“You have to forget your last marathon before you try another. Your mind can’t know what’s coming.”
It got done. That 20-miler I wanted to do this past weekend? Yep, it got done.
And all the power to me.
It was my last great hurdle on the road to Chicago. It wasn’t fast, and it wasn’t pretty. But it got done.
It was a total of 6 laps around the lake at the park where I’ve been running the majority of the summer. Had I done 2 additional laps, it would have been over a full marathon. And I’m pretty sure I had it in me that day to do so, if I had to.
I played the run like I played the 16-miler the previous week. I fueled every 7 miles (two laps), from that water stop I call my car, with the exception of adding a stop before the final lap, when I opted for a sip of fluid. It seemed the smart thing to do as the warmth and humidity was already on the rise Saturday morning.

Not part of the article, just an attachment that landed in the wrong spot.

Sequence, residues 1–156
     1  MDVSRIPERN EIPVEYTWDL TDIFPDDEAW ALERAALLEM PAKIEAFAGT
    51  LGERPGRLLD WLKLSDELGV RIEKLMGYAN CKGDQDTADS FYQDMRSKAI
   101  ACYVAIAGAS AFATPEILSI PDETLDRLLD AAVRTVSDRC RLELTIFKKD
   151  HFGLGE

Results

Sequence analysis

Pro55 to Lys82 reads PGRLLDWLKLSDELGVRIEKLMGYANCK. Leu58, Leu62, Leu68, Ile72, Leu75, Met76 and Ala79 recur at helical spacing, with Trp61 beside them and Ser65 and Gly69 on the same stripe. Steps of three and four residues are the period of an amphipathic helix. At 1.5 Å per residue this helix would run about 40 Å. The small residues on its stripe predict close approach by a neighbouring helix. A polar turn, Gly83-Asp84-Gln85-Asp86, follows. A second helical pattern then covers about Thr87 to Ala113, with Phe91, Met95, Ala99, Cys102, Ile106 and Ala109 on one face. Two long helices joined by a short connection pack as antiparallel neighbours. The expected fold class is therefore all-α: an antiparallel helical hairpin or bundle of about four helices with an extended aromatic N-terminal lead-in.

The only fly in the ointment? I did P90X Legs and Back on Wednesday before the run. And unfortunately, I was still feeling the DOMS on Friday night. In fact, I decided to take some Advil around 7 pm. It was that bad. It had been two weeks since I had done that workout. Clearly, I over did it. I think if I weren’t as sore as I was, it would have been an easier run for me. But, I was able to identify that and now I know next week NOT to do that workout. Instead, I’ll stick to my physical therapy exercises to get me through that final week before the marathon.
Sunday, I decided rest was best and opted not to run at all. I did do some housecleaning and I spent much of the day on my feet, plus got in a Hatha Yoga class in the late afternoon.